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Saudi Minister Takes Hard Line Against Peace Gestures to Israel


Saudi Arabian Foreign Minister Prince Saud al-Faisal Friday expressed strong opposition to interim confidence-building gestures toward Israel to advance U.S.-led efforts toward Middle East peace negotiations. In talks with Secretary of State Hillary Clinton, the Saudi official did praise the Obama administration for its early focus on the Israeli-Palestinian conflict.

U.S. Middle East Envoy George Mitchell has been seeking conciliatory gestures toward Israel by Arab countries to ease Israeli concerns about concessions that the country will have to make to secure peace with the Palestinians and the broader region.

But at a press appearance following more than two hours of meetings with Secretary Clinton, the Saudi Foreign Minister stressed his support for the 2002 Arab peace plan that provides for political recognition and other gestures toward Israel only after a comprehensive agreement by Israel to withdraw from all occupied Palestinian territories and dismissed the idea of interim steps.

"Incrementalism and a step-by-step approach has not, and we believe, will not achieve peace. Temporary security and confidence-building measures also will not bring peace. What is required is a comprehensive approach that defines the final outcome at the outset," he said.

Envoy Mitchell is understood to be seeking Arab gestures such as overflight rights for Israeli aircraft and invitations for Israeli scholars to attend academic meetings in Arab states.

But the Saudi minister said discussion of such "incidental issues" were an effort by Israel to shift attention away from the core issue, an end to the occupation of Arab lands and establishment of a Palestinian state.

For her part, Clinton said she did not see her Saudi colleague's remarks as a setback for Senator Mitchell's mission, and said both the United States and Saudi Arabia want a comprehensive peace.

"There is no substitute for a comprehensive resolution. That is our ultimate objective. In order to get to the negotiating table, we have to persuade both sides that they can trust the other side enough to reach that comprehensive agreement. We also know that there are a series of issues that have to be resolved as his Royal Highness said and I've just repeated. You have to take those issue by issue, but within the negotiation for the comprehensive peace agreement. That's not a contradiction," she said.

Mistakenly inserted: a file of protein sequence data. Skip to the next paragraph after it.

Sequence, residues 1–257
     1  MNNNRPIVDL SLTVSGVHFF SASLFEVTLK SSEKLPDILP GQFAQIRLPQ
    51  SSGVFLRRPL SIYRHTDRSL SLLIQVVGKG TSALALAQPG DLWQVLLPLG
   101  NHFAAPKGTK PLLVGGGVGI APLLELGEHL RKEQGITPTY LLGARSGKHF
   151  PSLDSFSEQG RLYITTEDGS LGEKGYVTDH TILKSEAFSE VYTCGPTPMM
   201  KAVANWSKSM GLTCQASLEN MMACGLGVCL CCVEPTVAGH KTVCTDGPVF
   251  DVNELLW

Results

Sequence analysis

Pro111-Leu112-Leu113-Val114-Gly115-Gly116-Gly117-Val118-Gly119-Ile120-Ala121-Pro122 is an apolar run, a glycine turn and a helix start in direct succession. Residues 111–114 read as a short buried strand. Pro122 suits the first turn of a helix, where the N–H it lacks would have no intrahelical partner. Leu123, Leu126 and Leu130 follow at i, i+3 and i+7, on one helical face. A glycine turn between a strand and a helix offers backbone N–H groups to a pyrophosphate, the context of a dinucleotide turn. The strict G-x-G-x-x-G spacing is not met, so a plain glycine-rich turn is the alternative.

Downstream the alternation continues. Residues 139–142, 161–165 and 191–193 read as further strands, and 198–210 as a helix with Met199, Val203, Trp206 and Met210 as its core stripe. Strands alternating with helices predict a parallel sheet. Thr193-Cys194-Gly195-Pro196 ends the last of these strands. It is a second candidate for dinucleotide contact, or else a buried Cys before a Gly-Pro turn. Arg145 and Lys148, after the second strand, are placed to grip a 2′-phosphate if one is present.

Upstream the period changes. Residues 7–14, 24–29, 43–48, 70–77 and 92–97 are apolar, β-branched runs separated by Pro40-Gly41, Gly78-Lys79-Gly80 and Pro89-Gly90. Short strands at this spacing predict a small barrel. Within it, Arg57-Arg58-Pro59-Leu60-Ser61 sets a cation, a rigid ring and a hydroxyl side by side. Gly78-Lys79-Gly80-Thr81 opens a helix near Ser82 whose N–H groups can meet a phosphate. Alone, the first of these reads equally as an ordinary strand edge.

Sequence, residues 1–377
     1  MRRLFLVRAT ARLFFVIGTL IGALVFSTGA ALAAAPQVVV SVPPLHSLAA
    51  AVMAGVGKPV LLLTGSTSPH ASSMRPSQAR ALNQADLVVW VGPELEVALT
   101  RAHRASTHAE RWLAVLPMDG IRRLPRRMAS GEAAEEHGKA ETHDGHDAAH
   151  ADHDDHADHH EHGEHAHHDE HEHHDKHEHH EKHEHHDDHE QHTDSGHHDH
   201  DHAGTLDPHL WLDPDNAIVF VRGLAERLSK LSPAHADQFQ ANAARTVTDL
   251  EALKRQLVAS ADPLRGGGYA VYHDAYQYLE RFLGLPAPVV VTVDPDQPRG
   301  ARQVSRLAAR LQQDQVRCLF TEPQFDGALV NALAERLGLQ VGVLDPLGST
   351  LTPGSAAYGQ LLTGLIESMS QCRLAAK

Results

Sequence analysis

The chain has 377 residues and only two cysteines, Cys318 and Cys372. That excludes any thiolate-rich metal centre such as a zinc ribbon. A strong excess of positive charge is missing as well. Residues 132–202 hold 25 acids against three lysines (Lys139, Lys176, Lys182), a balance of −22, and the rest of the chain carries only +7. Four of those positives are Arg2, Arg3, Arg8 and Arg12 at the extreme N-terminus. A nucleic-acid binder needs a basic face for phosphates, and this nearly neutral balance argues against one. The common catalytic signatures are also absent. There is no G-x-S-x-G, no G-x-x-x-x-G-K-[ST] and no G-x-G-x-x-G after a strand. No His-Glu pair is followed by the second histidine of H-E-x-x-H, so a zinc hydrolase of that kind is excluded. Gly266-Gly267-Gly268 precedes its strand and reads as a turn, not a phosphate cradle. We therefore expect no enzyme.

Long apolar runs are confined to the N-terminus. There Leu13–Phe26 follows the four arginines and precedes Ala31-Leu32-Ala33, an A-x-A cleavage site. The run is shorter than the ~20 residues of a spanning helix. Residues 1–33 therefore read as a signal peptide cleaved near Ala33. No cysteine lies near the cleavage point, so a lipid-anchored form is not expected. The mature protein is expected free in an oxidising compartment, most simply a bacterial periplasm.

The Obama administration has pressed Israel for a halt to settlement activity to improve the climate for talks. Israel has countered with a demand to allow so-called "natural growth" of existing settlements.

Clinton, who was briefed by Mitchell Thursday on his latest trip to the region, said the envoy has been "making headway" with Israel and suggested there will be an understanding on the issue in a short period of time but said she was setting no deadline.

Prince al-Faisal said there was nothing discouraging about the state of U.S. diplomacy and said he appreciated the Obama administration's "early and robust" focus on the Middle East.

On other matters, the Secretary said she reaffirmed the United States' unwavering support for Saudi Arabia's security, and said they have shared concerns about Iran's "de-stabilizing role" in the region, the continued expansion of its nuclear program, and support for Middle East terrorism.

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